Here's Why EnLink Midstream (NYSE:ENLC) Has A Meaningful Debt Burden

By
Simply Wall St
Published
October 08, 2021
NYSE:ENLC
Source: Shutterstock

Howard Marks put it nicely when he said that, rather than worrying about share price volatility, 'The possibility of permanent loss is the risk I worry about... and every practical investor I know worries about.' When we think about how risky a company is, we always like to look at its use of debt, since debt overload can lead to ruin. We note that EnLink Midstream, LLC (NYSE:ENLC) does have debt on its balance sheet. But the more important question is: how much risk is that debt creating?

When Is Debt A Problem?

Debt and other liabilities become risky for a business when it cannot easily fulfill those obligations, either with free cash flow or by raising capital at an attractive price. In the worst case scenario, a company can go bankrupt if it cannot pay its creditors. However, a more usual (but still expensive) situation is where a company must dilute shareholders at a cheap share price simply to get debt under control. Having said that, the most common situation is where a company manages its debt reasonably well - and to its own advantage. The first step when considering a company's debt levels is to consider its cash and debt together.

Check out our latest analysis for EnLink Midstream

How Much Debt Does EnLink Midstream Carry?

As you can see below, EnLink Midstream had US$4.46b of debt at June 2021, down from US$4.78b a year prior. And it doesn't have much cash, so its net debt is about the same.

debt-equity-history-analysis
NYSE:ENLC Debt to Equity History October 9th 2021

How Healthy Is EnLink Midstream's Balance Sheet?

Zooming in on the latest balance sheet data, we can see that EnLink Midstream had liabilities of US$1.04b due within 12 months and liabilities of US$4.43b due beyond that. On the other hand, it had cash of US$32.8m and US$589.6m worth of receivables due within a year. So its liabilities outweigh the sum of its cash and (near-term) receivables by US$4.85b.

When you consider that this deficiency exceeds the company's US$4.16b market capitalization, you might well be inclined to review the balance sheet intently. Hypothetically, extremely heavy dilution would be required if the company were forced to pay down its liabilities by raising capital at the current share price.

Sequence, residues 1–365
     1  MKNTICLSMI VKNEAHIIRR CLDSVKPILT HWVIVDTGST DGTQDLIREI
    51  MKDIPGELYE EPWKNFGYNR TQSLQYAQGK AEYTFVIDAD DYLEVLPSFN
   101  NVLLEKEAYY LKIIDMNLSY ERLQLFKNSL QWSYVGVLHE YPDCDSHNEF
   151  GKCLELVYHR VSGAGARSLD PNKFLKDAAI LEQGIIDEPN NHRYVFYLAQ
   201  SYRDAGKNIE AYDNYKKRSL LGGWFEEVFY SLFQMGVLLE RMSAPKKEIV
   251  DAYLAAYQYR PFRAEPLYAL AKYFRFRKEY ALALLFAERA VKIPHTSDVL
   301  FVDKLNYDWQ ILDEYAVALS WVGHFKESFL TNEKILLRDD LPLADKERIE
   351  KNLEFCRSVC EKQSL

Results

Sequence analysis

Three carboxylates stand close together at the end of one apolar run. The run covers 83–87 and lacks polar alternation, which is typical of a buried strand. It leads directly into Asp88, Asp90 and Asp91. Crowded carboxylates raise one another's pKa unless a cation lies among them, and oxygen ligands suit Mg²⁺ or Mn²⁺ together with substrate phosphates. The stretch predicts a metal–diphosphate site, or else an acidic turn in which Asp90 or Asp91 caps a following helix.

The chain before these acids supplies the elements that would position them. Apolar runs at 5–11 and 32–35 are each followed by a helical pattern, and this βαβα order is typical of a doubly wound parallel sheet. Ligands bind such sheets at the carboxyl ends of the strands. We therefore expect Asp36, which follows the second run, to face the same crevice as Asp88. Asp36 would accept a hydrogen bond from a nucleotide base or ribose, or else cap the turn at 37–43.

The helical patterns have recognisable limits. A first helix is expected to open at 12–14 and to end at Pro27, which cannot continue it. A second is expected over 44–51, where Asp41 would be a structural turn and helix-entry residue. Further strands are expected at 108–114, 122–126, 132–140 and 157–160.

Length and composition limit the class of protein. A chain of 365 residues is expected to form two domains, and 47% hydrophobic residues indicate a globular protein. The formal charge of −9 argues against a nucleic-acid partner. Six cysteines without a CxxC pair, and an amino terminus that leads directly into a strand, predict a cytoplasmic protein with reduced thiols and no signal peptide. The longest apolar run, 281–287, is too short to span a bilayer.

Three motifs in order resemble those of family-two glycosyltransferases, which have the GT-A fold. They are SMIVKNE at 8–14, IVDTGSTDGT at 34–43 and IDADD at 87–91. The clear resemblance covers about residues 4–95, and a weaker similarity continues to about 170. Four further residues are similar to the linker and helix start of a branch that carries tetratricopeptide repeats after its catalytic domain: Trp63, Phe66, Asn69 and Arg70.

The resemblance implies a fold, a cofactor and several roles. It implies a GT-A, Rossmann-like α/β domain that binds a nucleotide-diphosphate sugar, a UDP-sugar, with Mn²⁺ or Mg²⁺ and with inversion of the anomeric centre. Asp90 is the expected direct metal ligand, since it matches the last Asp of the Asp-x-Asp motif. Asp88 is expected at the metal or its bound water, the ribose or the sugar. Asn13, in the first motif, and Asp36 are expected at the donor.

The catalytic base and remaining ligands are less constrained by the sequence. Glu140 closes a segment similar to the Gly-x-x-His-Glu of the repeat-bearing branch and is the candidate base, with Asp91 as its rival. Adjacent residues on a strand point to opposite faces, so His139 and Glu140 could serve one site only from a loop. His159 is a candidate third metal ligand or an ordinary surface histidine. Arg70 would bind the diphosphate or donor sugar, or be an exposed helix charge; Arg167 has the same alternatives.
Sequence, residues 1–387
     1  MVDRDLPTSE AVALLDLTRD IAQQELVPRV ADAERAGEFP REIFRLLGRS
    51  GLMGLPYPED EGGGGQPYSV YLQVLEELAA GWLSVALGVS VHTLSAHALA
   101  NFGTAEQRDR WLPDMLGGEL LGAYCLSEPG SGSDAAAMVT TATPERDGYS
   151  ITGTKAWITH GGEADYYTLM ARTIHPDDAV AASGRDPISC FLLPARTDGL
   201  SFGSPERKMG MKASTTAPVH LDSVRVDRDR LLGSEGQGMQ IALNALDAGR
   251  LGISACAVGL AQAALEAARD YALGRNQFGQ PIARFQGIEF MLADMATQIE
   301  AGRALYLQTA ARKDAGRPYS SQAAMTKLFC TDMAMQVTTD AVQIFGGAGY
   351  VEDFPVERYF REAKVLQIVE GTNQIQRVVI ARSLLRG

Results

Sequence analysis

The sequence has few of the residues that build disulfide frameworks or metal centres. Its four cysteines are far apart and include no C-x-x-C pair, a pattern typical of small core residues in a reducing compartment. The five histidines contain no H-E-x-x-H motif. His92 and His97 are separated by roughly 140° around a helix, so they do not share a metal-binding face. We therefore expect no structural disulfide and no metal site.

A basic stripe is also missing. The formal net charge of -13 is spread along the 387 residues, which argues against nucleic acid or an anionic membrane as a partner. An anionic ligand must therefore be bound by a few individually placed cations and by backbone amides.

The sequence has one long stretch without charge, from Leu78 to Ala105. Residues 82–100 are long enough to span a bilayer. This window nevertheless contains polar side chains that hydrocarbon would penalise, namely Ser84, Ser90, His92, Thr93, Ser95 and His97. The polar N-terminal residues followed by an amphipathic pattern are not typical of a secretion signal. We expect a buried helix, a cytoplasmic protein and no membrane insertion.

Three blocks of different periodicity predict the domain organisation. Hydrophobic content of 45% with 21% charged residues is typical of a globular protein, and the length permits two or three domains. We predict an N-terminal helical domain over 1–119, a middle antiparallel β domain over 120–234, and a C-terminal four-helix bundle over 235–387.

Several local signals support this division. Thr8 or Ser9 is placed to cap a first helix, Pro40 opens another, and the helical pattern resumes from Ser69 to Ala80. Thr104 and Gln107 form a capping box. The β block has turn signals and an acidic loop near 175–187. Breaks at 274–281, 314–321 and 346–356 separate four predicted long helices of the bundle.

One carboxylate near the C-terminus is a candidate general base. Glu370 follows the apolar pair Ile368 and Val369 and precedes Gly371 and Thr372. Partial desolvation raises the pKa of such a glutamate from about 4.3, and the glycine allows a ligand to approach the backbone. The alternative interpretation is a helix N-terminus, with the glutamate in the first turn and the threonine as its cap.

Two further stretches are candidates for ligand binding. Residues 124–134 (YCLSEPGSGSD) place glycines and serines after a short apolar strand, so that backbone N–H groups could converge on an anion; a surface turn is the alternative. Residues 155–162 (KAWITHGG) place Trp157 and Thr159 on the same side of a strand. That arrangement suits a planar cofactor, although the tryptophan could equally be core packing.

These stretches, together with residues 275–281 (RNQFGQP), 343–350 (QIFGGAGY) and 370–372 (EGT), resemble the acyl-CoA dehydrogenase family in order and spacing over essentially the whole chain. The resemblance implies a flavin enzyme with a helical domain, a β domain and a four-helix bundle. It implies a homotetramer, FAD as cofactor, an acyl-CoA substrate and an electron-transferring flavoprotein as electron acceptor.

We use two main ratios to inform us about debt levels relative to earnings. The first is net debt divided by earnings before interest, tax, depreciation, and amortization (EBITDA), while the second is how many times its earnings before interest and tax (EBIT) covers its interest expense (or its interest cover, for short). This way, we consider both the absolute quantum of the debt, as well as the interest rates paid on it.

While EnLink Midstream's debt to EBITDA ratio (4.5) suggests that it uses some debt, its interest cover is very weak, at 1.6, suggesting high leverage. In large part that's due to the company's significant depreciation and amortisation charges, which arguably mean its EBITDA is a very generous measure of earnings, and its debt may be more of a burden than it first appears. It seems clear that the cost of borrowing money is negatively impacting returns for shareholders, of late. Another concern for investors might be that EnLink Midstream's EBIT fell 10% in the last year. If things keep going like that, handling the debt will about as easy as bundling an angry house cat into its travel box. The balance sheet is clearly the area to focus on when you are analysing debt. But it is future earnings, more than anything, that will determine EnLink Midstream's ability to maintain a healthy balance sheet going forward. So if you want to see what the professionals think, you might find this free report on analyst profit forecasts to be interesting.

But our final consideration is also important, because a company cannot pay debt with paper profits; it needs cold hard cash. So it's worth checking how much of that EBIT is backed by free cash flow. Over the most recent three years, EnLink Midstream recorded free cash flow worth 76% of its EBIT, which is around normal, given free cash flow excludes interest and tax. This cold hard cash means it can reduce its debt when it wants to.

Our View

We'd go so far as to say EnLink Midstream's interest cover was disappointing. But at least it's pretty decent at converting EBIT to free cash flow; that's encouraging. Looking at the bigger picture, it seems clear to us that EnLink Midstream's use of debt is creating risks for the company. If all goes well, that should boost returns, but on the flip side, the risk of permanent capital loss is elevated by the debt. There's no doubt that we learn most about debt from the balance sheet. However, not all investment risk resides within the balance sheet - far from it. For instance, we've identified 2 warning signs for EnLink Midstream (1 is concerning) you should be aware of.

When all is said and done, sometimes its easier to focus on companies that don't even need debt. Readers can access a list of growth stocks with zero net debt 100% free, right now.

Discounted cash flow calculation for every stock

Simply Wall St does a detailed discounted cash flow calculation every 6 hours for every stock on the market, so if you want to find the intrinsic value of any company just search here. It’s FREE.

Make Confident Investment Decisions

Simply Wall St's Editorial Team provides unbiased, factual reporting on global stocks using in-depth fundamental analysis.
Find out more about our editorial guidelines and team.